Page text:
Bakhtin, Cassirer and symbolic forms
represent Marburg Neo-Kantian epistemology.  Thus, while many have noted the importance of Neo-Kantianism in Bakhtinʼs work, though with little or no archival evidence, Cassirer has remained simply one among many thinkers. Recently published interviews with Bakhtin shortly before his death make it very clear, however, that Cassirerʼs 1923–29 three-volume The Philosophy of Symbolic Forms was one of the most important inﬂuences on Bakhtinʼs mature work,  while Brian Pooleʼs forthcoming archival research has uncovered notebooks in which Bakhtin made copious notes from Cassirerʼs work. At a deeper level, researchers have tended to take Bakhtinʼs negatively tinged overt references to Hegelʼs philosophy at face value, assuming that they implied a rejection of Hegelianism in its totality. This is based on Bakhtinʼs objection to interpretations of Dostoevskyʼs novels which confuse the way Hegel treats different perspectives on reality as stages in a single, linear development with Dostoevskyʼs presentation of ʻa plurality of independent and unmerged voices and consciousnessesʼ which unfold in the course of the novel without each ʻbecom[ing] a simple object of the authorʼs consciousnessʼ.  There is no doubt that Bakhtin is with Dostoyevsky and against Hegel here. However, Bakhtinʼs comment is almost identical to a remark by Cassirer, whose central work is profoundly Hegelian,  that the main problem with Hegel is that philosophy deprives ʻvarious cultural forms … of their autonomous and independent value and subordinates them to its own systematic purpose. Here is the point of contrast with Kant.ʼ  Despite this reservation, there seems little doubt that Bakhtinʼs account of the emergence and development of the novel is profoundly Hegelian, and that the novel itself takes over many of the functions of Hegelʼs philosophy, but now cleansed of its monologic inclinations.
For Hegel, phenomenology studies the way Geist7 ʻappearsʼ – that is, objectiﬁes itself in things in order to appear ʻfor itselfʼ as something opposite to itself. Bakhtin follows Hegel closely here, arguing that the novel studies and recalls the way life is objectiﬁed in Many have seen in Bakhtinʼs theory of the novel something relevant for a wide variety of disciplines, from literary studies, narrowly deﬁned, to political theory and anthropology. Accordingly, it has been noted that the theory incorporates an ideal history of literary forms, a philosophy of culture, a typology of discursive relations, and a theory of conﬂicting social forces. The sources of such a wide-ranging theory seem to be diverse: from Marburg Neo-Kantianism to Russian Formalism, Marxist political theory and classical aeshetics. However, there seems a wealth of evidence to suggest that behind the eclecticism of Bakhtinʼs theory lies a unifying feature: Hegelian philosophy as modiﬁed by the work of Ernst Cassirer. I believe there are many areas in which the inﬂuence of Cassirer on Bakhtinʼs group can be traced, including the concept of the sign and the way such periods as the Renaissance and the Enlightenment are conceived, but here I shall limit my attention to the inﬂuence of Cassirerʼs work on Bakhtinʼs theory of the novel. As we shall see, while Bakhtinʼs own terminology differs signiﬁcantly from that of Hegel and Cassirer, the structural features common to their works are too pervasive to be passed off as one inﬂuence among many.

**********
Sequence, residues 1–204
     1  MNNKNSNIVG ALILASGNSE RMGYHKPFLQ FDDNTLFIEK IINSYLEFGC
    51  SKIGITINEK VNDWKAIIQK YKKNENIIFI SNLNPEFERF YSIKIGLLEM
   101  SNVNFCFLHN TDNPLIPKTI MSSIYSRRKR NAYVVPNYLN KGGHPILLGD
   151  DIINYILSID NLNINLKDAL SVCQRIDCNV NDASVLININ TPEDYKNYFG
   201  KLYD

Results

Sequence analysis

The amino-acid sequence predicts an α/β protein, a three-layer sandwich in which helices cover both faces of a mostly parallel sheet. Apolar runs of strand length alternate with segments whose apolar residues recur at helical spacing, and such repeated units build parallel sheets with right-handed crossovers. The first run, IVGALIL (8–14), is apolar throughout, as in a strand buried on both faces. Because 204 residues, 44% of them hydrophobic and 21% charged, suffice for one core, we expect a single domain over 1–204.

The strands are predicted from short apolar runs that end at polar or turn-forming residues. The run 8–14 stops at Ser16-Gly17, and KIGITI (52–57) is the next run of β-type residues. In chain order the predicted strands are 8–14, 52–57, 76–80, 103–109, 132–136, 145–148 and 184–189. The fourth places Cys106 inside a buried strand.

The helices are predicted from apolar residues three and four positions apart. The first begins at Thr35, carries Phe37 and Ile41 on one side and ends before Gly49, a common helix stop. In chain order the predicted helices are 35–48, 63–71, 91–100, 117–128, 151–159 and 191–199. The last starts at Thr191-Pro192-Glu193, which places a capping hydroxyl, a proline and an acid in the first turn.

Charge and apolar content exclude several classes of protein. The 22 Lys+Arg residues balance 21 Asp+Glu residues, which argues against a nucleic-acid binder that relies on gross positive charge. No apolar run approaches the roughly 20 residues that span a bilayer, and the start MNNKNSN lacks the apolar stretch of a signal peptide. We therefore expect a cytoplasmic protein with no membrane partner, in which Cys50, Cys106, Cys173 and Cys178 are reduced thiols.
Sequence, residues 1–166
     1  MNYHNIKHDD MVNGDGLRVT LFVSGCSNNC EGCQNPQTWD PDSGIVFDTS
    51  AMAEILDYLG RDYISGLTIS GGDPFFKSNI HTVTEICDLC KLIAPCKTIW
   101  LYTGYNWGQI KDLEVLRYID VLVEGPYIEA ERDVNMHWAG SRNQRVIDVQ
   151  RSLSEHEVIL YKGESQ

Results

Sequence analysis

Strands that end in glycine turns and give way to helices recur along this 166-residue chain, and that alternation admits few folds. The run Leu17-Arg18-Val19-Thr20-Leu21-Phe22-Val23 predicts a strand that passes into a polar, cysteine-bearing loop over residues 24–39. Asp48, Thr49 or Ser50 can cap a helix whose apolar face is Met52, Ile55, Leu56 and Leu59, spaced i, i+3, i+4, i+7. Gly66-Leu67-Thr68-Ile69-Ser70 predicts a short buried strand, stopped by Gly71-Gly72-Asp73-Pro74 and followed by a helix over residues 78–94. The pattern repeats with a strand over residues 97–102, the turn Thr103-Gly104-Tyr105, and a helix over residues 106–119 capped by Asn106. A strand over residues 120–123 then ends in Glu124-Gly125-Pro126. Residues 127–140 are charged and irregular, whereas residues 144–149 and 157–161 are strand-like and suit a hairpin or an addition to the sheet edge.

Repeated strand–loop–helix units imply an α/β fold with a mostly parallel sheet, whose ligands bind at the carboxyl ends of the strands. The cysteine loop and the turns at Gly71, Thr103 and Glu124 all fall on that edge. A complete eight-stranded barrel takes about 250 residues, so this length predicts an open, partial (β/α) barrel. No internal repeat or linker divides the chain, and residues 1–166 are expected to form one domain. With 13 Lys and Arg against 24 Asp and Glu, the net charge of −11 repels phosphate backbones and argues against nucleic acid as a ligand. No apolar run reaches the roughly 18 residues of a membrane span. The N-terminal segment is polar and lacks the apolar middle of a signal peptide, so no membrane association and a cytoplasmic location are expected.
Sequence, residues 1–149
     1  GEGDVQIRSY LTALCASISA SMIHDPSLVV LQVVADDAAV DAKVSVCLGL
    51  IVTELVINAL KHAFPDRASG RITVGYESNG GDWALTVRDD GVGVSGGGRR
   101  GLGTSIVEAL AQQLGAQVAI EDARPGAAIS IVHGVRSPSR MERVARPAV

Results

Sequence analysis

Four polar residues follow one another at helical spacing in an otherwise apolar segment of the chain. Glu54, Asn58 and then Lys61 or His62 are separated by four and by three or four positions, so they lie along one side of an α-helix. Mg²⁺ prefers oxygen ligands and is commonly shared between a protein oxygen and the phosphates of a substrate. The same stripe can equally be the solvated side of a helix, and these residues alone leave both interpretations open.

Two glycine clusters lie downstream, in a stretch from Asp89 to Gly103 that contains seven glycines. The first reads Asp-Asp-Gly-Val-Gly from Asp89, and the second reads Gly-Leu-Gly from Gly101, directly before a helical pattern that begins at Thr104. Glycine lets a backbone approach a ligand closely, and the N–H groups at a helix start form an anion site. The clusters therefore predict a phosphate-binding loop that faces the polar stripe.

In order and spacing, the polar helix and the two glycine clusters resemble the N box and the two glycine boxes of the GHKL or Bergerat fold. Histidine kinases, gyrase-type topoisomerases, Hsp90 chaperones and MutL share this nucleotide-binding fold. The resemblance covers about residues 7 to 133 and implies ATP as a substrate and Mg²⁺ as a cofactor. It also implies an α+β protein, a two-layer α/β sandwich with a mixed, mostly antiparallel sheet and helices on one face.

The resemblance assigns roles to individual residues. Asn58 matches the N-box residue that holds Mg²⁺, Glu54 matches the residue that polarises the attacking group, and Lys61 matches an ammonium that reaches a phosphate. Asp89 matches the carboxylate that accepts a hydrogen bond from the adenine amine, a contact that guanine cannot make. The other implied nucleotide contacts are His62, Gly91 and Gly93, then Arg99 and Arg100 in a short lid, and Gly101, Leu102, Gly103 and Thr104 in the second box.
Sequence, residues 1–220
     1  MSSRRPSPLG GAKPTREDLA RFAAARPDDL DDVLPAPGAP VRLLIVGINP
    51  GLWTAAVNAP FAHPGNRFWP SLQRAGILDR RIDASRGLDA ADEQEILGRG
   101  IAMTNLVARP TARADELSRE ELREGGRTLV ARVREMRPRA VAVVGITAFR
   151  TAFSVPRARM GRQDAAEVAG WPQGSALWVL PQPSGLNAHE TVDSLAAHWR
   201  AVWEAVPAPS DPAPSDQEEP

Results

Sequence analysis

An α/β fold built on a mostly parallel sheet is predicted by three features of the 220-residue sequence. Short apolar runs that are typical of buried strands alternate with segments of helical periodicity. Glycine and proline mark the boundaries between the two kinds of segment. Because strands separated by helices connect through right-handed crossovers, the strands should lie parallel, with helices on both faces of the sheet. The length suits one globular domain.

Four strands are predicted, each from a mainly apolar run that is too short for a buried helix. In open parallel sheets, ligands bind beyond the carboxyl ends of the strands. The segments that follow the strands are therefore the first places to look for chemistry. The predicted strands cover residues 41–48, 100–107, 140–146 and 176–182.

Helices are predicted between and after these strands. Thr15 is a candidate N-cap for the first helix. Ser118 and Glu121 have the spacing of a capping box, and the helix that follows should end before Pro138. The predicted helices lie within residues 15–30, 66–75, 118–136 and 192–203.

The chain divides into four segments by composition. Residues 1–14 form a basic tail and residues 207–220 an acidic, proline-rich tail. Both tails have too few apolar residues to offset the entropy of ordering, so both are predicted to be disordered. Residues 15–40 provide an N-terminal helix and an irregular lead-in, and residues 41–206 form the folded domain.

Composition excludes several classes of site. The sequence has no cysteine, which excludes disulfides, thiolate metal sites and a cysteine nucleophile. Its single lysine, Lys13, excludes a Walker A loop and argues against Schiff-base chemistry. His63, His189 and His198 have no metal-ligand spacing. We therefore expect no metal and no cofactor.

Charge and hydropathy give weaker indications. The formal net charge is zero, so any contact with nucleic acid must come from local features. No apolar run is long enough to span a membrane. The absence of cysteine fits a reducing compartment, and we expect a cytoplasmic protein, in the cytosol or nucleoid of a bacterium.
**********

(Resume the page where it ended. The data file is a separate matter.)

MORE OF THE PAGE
If the structural parallels between these thinkersʼ works are as pervasive as I suggest, it would be reasonable to ask why, when such a huge amount of critical material about Bakhtin has been produced in recent years, no systematic analysis of Cassirerʼs inﬂuence on Bakhtin has appeared.  One reason is the lack of a deﬁnitive, chronologically organized edition of Bakhtinʼs work, which is itself a product of the vicissitudes of intellectual life in the Soviet Union. Another reason derives from the way Cassirerʼs work has been understood until quite recently. As John Krois notes, Anglo-American writers have tended to present Cassirer as ʻa scholarly investigator and historian of ideas, a representative of historicism without a position of his ownʼ, while in Germany he has been seen to language. This recollection is not only historical but also, like Hegelʼs phenomenology, the study of the essential. The philosophy of Geist is characterized by Hegel as the representation of the route natural consciousness takes to true knowledge as a matter of necessity. ʻEssenceʼ must ultimately ʻappearʼ at the end of a course of development. Bakhtinʼs 1934–35 essay ʻDiscourse in the Novelʼ is an account of how the ʻessenceʼ of the novel as a genre ʻappearsʼ, that is, comes to fully present ʻall the social and ideological voices of its era [heteroglossia], that is, all the eraʼs languages that have any claim to being signiﬁcantʼ.  The parallel is explicitly outlined at one stage of this work: